I’ve enjoyed Rory Cooney’s entry into the blogosphere, Gentle Reign. I especially like the stories behind his songs and recordings. This week, his post on his thirty-year anniversary as a parish music director plucked a few of my historical strings. It was thirty Lents ago I began my own journey into ministry. My path wasn’t quite as crystal clear-cut as Rory’s.
Thirty years ago this Lent I came to the realization that I was in a dead-end job and my life wasn’t leading anywhere. The deeper I got into college, the better student I became and the less sure of where it was all leading. The last two years (1979-1981) were a struggle. I almost enjoyed my three student jobs more than classes. Residence halls. Food service and catering. Communications.
I think I still had an attachment to my university after a handful of years. I found a fourth job when telemarketing came to the university campus. I hung on after graduation because I could help manage an office, train callers, keep statistics, and be an eagle-eye on mistakes. After a day off I came in to help complete a 1200-person mailer and in a few minutes I noticed some familiar names on the labels. We already called these people. My boss said I was dreaming. A quick check of our last campaign’s files found about a third of these new names had been called just three months before in the preliminary round of the campaign. Attention to detail.
My boss wasn’t impressed with the attention. Our consultants weren’t happy that 382 out of 12oo “new” potential pledges were x’ed out of the campaign. The development office had a bit of face egg–they vouched for the list. People don’t like attention to detail, especially when it’s pointed out by an obnoxious recent graduate.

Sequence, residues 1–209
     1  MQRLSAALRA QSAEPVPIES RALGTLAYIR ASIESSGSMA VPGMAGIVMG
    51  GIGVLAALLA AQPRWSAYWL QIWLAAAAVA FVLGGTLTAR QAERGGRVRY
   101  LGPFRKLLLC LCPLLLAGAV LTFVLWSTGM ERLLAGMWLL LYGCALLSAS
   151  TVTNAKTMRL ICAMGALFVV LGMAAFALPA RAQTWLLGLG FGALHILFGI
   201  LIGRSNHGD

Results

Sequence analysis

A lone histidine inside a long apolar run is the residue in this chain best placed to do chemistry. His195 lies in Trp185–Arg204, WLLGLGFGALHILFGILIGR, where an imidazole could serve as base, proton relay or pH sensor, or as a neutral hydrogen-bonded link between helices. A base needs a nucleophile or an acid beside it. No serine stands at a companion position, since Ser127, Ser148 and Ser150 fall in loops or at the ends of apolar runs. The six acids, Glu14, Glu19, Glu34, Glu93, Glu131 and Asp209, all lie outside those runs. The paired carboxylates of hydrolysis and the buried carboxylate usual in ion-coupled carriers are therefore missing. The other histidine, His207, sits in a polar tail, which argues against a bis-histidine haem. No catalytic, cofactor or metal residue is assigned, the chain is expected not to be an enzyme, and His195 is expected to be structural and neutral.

The last straw was when an entry-level position opened up in development and it was filled before I got the interview. My alma thought the reverse would kick, so they hired a guy who was coming off five years of telephone fundraising for one of the two major political parties. No way was I going to compete with nonsense like that. And after a number of applications and just two interviews elsewhere, it was clear no other college was going to hire me either.
With my fate sealed, I swept off my desk into the trash, announced to my boss I was leaving (and she could interpret that as unpaid vacation or resignation) and walked out the door, nearly broke, but fairly free. I packed up and bought a bus ticket to Ohio to visit my mother’s family. I had about three weeks to a month before running out of money and getting to the Next Stage and maybe something would come to me.
I took a walking tour of Dayton Ohio one day. I like being dropped into a city when I can start walking and see what I find. This day was cloudy, though. I think I was trying to find a historical museum or something. But I got turned around. I was in a neighborhood where it’s good to look tough and not make eye contact. Passed a bookstore. Almost walked in, but I realized that the product offered there wouldn’t make a good impression on my good Baptist cousins. I turned a corner instead. The sun came out. And there to my right was St Mark’s Bookstore. They had stacks of liturgical albums and songbooks I had never seen before: PAA, GIA, St Meinrad’s, Collegeville, and others. I picked up a few and a few days later, it was time to move on.
The next stage of the trip took me to Indiana University to visit a friend in law school. I’ll write more in detail about that experience some other day. They had a “liturgist” (never heard that term before) on loan from St Meinrad’s. I experienced my first really serious Triduum at St Charles Borromeo Parish in Bloomington that Holy Week. It wasn’t immediately clear to me that I was going to follow in the footsteps of the liturgist-on-loan. I did think how great it would be to have liturgy like that back home. Or in every parish.
More on the next steps in a few days. Maybe.